In this case Rackspace performed the import in 6146 seconds with the Amazon server doing the same job in 15026 seconds, or in other words over twice as slow. Not too surprising given the difference in write speed.

While the imports were running I monitored the servers and could see that a lot of performance was lost on the Amazon server due to io wait. This wouldn’t be an equally big issue for my next test which is CPU bound instead. It’s a single threaded test, so what I’m looking at here is single core performance. What the test does is load each day of intraday data for each ticker, one at a time, then with this data in memory perform a specific trading strategy with a set of parameters on that day. Also, as there’s bootstrapping involved, each set of data is regenerated 1000 times (all in memory, so no disk or DB activity for this).

Here the results are more even, with the Rackspace server performing the test in 6639 seconds and the Amazon server the same in 7025 seconds. I was considering running the same test on a “High-CPU Extra Large Instance” on Amazon as well. The write speed should be about the same according to Amazon’s own details, but it’s got a .5 increase in EC2 Compute Units pr core. But I didn’t bother, as it probably only would have put it on par with the Rackspace server, but still suffering in write speed.

So my choice is rather simple: Rackspace Cloud.


8 thoughts on “Performance: Rackspace Cloud vs Amazon Web Services

  1. James

    Did you consider using the ephemeral disk you get included with your instance? It survives reboots, not termination – but you can leave the data backed up on S3. Did you consider using RDS for your MySQL? Did you consider an HPC or GPU node from AWS if it is all about IO and CPU performance? Does your data analysis lend itself to Map Reduce and hence the AWS EMR service?

    1. Christian Felde

      Ephemeral disk: No, I need persistance and the ability to clone the server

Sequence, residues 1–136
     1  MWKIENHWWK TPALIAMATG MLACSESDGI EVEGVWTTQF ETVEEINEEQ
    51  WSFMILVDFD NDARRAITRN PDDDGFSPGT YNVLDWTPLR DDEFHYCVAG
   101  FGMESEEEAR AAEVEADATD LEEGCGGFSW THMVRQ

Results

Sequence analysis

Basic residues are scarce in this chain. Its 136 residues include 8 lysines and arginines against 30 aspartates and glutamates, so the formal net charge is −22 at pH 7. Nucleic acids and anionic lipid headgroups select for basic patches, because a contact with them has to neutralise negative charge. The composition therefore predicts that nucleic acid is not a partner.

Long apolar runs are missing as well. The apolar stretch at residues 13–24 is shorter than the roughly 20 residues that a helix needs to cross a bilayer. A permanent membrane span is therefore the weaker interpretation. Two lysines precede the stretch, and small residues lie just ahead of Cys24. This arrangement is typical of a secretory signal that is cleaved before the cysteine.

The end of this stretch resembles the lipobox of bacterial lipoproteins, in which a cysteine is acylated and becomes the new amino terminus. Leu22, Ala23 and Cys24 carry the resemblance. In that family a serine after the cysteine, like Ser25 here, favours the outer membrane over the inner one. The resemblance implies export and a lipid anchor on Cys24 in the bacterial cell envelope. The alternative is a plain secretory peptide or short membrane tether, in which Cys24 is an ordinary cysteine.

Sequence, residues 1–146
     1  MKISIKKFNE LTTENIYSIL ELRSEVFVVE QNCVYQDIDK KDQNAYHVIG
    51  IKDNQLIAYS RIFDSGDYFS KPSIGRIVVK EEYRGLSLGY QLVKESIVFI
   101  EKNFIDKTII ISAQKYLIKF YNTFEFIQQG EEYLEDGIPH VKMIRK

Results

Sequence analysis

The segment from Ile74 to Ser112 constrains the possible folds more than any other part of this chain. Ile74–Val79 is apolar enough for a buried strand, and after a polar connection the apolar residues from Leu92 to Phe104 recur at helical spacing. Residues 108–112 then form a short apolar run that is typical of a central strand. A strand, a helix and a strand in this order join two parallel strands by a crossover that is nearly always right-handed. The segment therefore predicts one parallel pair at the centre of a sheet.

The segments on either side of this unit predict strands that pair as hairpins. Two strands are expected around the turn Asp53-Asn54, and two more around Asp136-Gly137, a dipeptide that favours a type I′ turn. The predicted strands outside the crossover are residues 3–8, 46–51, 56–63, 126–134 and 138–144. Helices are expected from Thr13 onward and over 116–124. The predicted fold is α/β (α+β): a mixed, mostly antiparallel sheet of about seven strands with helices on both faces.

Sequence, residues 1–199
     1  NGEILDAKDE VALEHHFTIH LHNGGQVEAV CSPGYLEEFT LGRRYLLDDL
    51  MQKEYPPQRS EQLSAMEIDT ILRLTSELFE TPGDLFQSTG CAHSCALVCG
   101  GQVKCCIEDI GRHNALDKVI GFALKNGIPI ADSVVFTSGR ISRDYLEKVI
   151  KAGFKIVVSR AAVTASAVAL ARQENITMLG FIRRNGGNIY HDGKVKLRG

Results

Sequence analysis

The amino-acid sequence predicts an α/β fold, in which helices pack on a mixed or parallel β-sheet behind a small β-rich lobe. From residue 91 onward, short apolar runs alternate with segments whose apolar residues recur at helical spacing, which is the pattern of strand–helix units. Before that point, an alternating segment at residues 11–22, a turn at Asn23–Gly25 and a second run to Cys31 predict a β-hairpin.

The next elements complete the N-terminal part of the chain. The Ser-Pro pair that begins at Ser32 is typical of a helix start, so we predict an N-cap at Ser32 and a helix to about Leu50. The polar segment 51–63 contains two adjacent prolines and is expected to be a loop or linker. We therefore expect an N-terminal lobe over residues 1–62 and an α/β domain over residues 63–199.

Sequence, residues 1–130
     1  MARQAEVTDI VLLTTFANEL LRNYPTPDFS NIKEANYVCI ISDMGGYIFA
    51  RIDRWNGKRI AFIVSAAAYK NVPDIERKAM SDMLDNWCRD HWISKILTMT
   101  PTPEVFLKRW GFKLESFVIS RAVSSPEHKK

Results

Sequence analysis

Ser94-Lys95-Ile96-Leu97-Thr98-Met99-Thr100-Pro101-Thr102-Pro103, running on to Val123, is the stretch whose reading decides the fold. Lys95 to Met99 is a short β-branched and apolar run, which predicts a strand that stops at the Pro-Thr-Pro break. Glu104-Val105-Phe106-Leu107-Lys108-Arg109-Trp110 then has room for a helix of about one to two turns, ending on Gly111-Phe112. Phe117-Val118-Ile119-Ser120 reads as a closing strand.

RDS: No, that would drive the cost of AWS up and would not have made it a fair comparison
      HPC/GPU: My code doesn’t use the GPU, and again, it’s a comparable cost comparison
      Map Reduce: To some extent on some of the analysis, but not on all of them. The task scheduler is nice, but not a killer feature..

  2. James

    Certainly, but your comparison needs to be normalised to cpu cycles per dollar or some such measure. Then we can perhaps see the different compute classes available. Then if you eliminate the IO bottleneck by re-engineering how does the $/cpu cycle look then etc. You could then even compare it to buying a powerful workstation with its costs amortised over the duration of your studies and then we’d see if cloud was even a good choice.

    But if your initial ambition was to run your analysis very fast, then using less compute hours of HPC might be very cost effective.

    This test therefore doesn’t carry much information but it does confirm again that EBS isn’t fast.

    1. Christian Felde

      Absolutely, and it would of course be interesting to see how big a difference “Very High” vs “High” IO performance makes on the EBS performance..

      Then again, this is a three month project. Spending time re-engineering (moving stuff too and from disk and S3) + time spent on the import/export for each server boot also adds a significant amount of time/cost.

  3. James

    I would like to see far more maths in technology to help us all get past the marketing 🙂

  4. Pingback: One year of blogging | Blog of Christian Felde